Currently am actually re-reading Orwell’s “1984”, because in the world we currently live in I feel it is required reading. And I am also reading a fascinating and hopeful look at a functioning, post-capitalist society by the BRILLIANT author and activist Yanis Varoufakis called “Another Now”. I think it is important to balance the negative, and depressive state of current societal structures with works of hope and better solutions. And I am still hopeful, though it is sometimes hard to see through the massive corruption in political structures and organizations..

6) What has been your most significant achievement as a writer thus far? Where do you see yourself within your career in the next five years?

Regarding significant achievement I’d say 3 quick things; one, just DOING it, STAYING AT it all, as it takes extraordinary courage to be a writer. Two, my music writing will always be my most significant achievement. It is what I am most proud of and I wouldn’t trade my music catalog with any other musical artist in the world (other than perhaps some Classical composers).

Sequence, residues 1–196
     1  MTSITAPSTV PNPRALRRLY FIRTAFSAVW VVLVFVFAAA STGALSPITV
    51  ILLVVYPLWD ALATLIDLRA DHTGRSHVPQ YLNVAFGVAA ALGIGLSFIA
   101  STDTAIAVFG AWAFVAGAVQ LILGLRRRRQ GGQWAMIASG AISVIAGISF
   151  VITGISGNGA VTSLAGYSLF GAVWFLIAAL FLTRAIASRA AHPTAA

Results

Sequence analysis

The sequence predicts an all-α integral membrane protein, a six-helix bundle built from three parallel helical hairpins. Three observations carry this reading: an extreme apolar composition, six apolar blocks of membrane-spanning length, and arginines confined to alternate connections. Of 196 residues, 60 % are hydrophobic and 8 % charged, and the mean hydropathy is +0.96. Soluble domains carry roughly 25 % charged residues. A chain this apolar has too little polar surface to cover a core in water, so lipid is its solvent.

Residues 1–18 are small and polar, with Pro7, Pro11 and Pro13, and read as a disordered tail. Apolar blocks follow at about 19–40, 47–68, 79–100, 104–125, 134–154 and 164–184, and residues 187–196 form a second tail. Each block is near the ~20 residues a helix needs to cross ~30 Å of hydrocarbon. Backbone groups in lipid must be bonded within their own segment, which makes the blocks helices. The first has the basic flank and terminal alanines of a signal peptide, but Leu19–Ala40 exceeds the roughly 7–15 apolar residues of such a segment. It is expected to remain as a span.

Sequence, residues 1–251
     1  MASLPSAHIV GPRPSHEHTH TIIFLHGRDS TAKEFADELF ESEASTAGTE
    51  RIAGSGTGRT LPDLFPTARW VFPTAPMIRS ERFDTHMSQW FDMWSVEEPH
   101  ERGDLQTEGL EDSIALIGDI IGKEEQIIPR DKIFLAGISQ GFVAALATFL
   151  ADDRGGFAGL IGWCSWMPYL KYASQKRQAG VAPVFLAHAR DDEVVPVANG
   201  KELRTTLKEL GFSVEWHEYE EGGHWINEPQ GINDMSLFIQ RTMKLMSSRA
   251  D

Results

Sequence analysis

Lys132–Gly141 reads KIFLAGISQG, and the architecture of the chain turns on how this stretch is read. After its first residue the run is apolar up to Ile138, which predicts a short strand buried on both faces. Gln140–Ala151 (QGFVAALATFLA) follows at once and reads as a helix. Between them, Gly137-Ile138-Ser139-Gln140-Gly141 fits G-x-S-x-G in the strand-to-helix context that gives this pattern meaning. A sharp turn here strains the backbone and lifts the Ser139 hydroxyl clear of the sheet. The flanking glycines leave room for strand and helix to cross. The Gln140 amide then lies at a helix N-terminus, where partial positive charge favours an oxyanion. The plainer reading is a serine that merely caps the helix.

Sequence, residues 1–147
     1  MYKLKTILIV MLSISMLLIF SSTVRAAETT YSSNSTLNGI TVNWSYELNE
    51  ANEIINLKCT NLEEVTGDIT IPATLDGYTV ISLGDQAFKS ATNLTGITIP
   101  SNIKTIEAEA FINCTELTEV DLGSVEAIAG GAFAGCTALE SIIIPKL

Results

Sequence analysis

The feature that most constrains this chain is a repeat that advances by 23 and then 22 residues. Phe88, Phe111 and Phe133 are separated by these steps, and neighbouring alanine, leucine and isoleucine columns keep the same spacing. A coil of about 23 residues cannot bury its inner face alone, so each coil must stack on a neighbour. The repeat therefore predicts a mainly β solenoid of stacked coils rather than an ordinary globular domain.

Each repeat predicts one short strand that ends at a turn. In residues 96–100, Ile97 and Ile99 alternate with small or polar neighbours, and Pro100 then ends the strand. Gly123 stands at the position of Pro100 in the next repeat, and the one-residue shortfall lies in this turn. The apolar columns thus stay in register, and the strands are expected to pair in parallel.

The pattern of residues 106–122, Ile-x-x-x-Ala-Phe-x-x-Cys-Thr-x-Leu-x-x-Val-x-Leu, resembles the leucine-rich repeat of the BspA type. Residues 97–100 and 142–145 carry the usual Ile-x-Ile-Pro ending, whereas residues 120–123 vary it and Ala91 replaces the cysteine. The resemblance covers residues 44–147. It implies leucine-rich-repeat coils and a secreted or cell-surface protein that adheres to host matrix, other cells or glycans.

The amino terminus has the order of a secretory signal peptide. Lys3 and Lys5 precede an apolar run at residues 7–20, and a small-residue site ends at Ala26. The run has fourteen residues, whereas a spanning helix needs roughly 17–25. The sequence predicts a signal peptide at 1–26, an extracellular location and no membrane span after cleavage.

Lastly, I’d say this latest book “Multicolouria”. It’s trite for an author to perhaps say, as it sounds like they’re trying to sell books, ha, or that they’re just mentioning their latest work, but I do think that this latest book is a special work. At least the most special novel I have done. It has come together really nicely, almost serendipitously, and really draws and creates a world that is built from my favorites things of other novels I adore. I do think “The Secret World Of Multicolouria” is really one of the most special books in the world. And I have never said that about another novel of mine. Not at all. But this one I would say it about. But then again, it is my opinion of course, ha. But yes, I think it’s very special and builds a wonderful, extensively detailed, colorful world.